His time spent with the late Robin Williams during the  “Death to Smoochy” press junket was especially memorable.

“I was in a room with him all day. I felt that he was a very warm and compassionate and sincere individual,” Mundok said.

“He remembered the entire crew members’ names.That’s rare. At the end of the day, he shook my hand and said, ‘Nice to meet you, Adam. Thank you for all your hard work.’”

Despite the thrills of working in the entertainment industry, Mundok decided that it wasn’t enough, and his chances of making it big were slimmer than he would’ve preferred.

“I got to a point where the industry was sustainable, but for as good as you are, luck will always be an X Factor. It’s a variable that no one can control,   he said.

“I just always felt that I was standing at a roulette wheel — you might be at a really high table, spending a thousand bucks a roll, you know, but it’s still luck . . . there was some skill involved, but I never felt fully in charge or in command because that industry requires a lot of people. With music, you think it’s hard getting four guys together, but try getting 40 together to do a film with no budget. And everybody has to be passionate about it for it to work.” He reiterated that working with big stars, however, made him no better than anybody else.

“I’m not perfect; I’m very imperfect, but it’s been my passion and persistence that has gotten me anywhere. Anyone who hears of an accomplishment or accolade of mine . . .that just means that I was passionate about something and very persistent. I wanted to go live in L.A. and see behind the curtain, see who was pulling the strings. I saw what I needed to see, but at the end of the day, I’m not better than anybody. I struggle.”

After five years and a failed reality TV pitch to studio executives representing Disney, Paramount, MTV and others, Mundok packed his bags and flew back home to Pennsylvania. When he returned in 2006, his focus shifted from movies to music.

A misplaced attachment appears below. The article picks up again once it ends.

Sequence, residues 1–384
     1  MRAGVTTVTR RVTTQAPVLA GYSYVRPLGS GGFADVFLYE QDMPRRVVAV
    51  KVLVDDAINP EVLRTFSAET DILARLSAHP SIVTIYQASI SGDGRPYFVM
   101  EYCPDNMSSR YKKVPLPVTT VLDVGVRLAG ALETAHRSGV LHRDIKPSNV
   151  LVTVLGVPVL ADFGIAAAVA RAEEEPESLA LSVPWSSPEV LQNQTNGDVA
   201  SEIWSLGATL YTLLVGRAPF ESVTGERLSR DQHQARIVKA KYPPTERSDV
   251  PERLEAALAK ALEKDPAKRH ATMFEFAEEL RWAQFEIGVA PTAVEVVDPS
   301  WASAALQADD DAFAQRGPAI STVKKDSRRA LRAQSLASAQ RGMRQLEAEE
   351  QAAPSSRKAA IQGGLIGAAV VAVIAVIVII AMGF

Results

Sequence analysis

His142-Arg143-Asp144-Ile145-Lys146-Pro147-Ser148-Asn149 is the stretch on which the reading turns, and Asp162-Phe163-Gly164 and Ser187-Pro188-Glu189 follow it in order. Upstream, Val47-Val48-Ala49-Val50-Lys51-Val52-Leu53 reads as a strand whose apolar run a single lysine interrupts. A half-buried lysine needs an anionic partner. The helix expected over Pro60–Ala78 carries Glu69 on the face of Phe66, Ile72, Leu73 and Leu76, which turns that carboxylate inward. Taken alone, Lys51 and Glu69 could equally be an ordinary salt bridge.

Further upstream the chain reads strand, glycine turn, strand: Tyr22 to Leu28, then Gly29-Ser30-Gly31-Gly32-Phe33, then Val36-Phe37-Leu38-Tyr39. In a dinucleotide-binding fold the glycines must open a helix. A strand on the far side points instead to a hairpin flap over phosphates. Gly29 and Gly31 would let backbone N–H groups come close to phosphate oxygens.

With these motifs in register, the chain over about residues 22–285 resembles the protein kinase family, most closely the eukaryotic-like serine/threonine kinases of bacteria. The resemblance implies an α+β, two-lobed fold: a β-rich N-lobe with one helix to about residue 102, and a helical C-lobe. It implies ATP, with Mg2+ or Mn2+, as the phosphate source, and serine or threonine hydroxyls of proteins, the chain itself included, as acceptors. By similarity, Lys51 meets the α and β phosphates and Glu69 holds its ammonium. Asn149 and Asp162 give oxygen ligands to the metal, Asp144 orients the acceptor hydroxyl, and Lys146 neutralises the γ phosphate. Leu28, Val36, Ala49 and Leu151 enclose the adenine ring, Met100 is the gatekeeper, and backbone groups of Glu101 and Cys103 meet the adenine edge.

“I had a lot of connections with a lot of local bands and a lot of people were supportive of VOMA as an organization, so I put all my eggs in that basket,” he said.

So far, those eggs are still intact.

Though he currently has a full-time job that has more to do with cars than with music, Mundok is happy with what has become of his re-established life in Johnstown. Music and art is what it’s all about right now. A typical week involves “one night making music, one night working on VOMA and weekends producing shows,” he said.

Being around music — whether he’s playing, listening, or producing — has always been part of Mundok’s life. His father was a musician in the band Kindred Spirit; he played rhythm guitar and sang. His brother T.K. fronts the local band Black Cat Moan, and they were on this year’s AmeriServ Flood City Music Festival lineup.

Some of Mundok’s own music is scheduled to be released early next year. The EP, titled AM2, has paired Mundok with Striped Maple Hollow member Adam Milkovich. Together they’ve been working on original songs that feature an array of instruments, including the mandolin and dobro.

When the album is released, audiences can expect to hear many songs that share the same theme: time.

“A lot of my songs are about time: how it moves and what we choose to do with it. Most people bide their time or waste their time or spend time in ways that isn’t productive. We can live our time and be proactive with it,” he said.